Not inviting oil firms to COP26 sessions a mistake, says Yergin

Tue, 2021-11-09 19:44

GLASGOW: Daniel Yergin, one of the foremost experts of the energy sector, believes the COP26 has made a mistake in not allowing the big independent oil companies to attend its formal sessions that carry on in Glasgow, Scotland, until the end of this week.
Yergin, the Pulitzer Prize-winning historian of the oil industry, told Arab News: “There will be continuing pressure on hydrocarbon producers to commit to net zero either by 2050 or by 2060. But, if that’s the goal, it’s also a little odd to exclude as formal participants the companies that produce 80 percent of the world’s energy, which appears to be the case.”
He was responding to a survey organized by Arab News among leading energy experts ahead of the Glasgow meeting and the G20 talks on climate in Italy in late October.
It recently emerged that big oil companies, like Saudi Aramco and the other major producers like Exxon and BP, would not be allowed to participate in the formal session of the meeting, although they would be allowed to organize events on the sidelines of the UN-sponsored gathering.
That ruling was hailed by climate activists as a victory over fossil-fuel producers they blame for greenhouse gas emissions, and who have put forward plans to reduce fossil fuel that campaigners regard as impractical and self-serving.
This week Aramco pledged to reduce emissions from its own operations by 2050, and Saudi Arabia set out a deadline of 2060 to achieve carbon neutrality.
Yergin said that the conference — billed as the last chance for the world’s leaders to solve climate change challenges — could be divisive in other ways too.
“A lot of pledges will be made by many countries around net zero and stepping up to strong nationally determined contributions commitments. Implementing them will be a challenge, and there is a possibility of a new North/South divide between developed and developing countries — the latter have other urgent issues such as reducing poverty and improving health by using conventional energy,” he said.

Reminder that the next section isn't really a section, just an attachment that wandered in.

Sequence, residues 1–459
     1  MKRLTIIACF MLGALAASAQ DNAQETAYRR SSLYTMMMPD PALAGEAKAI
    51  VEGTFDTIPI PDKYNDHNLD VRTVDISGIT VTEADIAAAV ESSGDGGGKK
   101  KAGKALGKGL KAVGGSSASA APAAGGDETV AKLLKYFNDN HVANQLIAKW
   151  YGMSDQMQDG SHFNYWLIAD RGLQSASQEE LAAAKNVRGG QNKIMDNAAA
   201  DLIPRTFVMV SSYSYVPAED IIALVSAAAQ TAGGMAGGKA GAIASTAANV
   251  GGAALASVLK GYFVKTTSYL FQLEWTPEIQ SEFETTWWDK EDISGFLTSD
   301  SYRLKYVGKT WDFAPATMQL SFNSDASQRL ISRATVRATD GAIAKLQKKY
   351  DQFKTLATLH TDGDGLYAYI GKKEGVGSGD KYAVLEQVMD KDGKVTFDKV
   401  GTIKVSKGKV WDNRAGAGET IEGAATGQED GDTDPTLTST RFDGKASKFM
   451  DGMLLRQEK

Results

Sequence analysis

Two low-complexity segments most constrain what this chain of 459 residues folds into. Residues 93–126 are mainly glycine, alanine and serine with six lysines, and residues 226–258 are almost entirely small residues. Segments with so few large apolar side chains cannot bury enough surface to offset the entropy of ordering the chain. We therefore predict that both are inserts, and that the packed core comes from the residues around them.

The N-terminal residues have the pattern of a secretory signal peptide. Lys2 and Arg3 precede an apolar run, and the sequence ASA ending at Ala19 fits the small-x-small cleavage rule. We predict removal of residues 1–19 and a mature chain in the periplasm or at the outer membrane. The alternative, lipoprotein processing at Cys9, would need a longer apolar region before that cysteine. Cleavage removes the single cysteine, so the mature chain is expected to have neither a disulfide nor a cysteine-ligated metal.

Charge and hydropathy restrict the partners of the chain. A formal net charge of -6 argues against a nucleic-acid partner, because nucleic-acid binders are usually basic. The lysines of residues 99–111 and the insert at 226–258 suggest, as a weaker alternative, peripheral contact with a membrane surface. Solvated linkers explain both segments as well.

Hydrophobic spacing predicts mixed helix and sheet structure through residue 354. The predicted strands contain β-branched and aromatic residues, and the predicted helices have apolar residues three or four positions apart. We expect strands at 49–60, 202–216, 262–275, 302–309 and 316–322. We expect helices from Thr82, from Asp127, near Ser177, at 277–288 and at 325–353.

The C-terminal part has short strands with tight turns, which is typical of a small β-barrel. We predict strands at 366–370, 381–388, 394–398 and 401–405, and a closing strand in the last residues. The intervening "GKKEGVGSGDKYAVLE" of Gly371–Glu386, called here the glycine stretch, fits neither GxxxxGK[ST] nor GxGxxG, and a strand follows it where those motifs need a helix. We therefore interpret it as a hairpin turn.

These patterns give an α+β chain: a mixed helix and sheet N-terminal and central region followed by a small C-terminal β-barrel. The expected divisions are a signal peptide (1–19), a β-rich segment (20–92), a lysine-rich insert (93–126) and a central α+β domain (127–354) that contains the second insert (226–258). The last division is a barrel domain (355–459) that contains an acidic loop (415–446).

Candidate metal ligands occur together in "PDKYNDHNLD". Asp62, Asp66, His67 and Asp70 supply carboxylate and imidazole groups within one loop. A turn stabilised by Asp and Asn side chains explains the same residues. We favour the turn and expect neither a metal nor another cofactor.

Saudi Arabia and other developing countries have insisted that any global framework for tackling climate change must be flexible, allowing them to choose a route to carbon neutrality that takes into account their own national economic and energy circumstances.
Yergin highlighted the irony that the COP26 talks were taking place amid one of the most stressed times in recent global energy markets, with prices of fossil fuels at high levels and in some parts of the world threatening a winter of shortages and blackouts.
“The organizers aim to ‘consign coal to history.’ It’s a little strange to do so in the midst of a global energy shortage when China is trying to step up coal production,” he said.
There were also other significant hurdles the organizers of COP26 had to overcome, Yergin added, like “extracting stronger carbon reduction commitments, figuring out how carbon markets will work, renewing promises to provide funding to developing countries, and getting financial institutions to pledge tens and tens of trillions of dollars to fund sustainability.”

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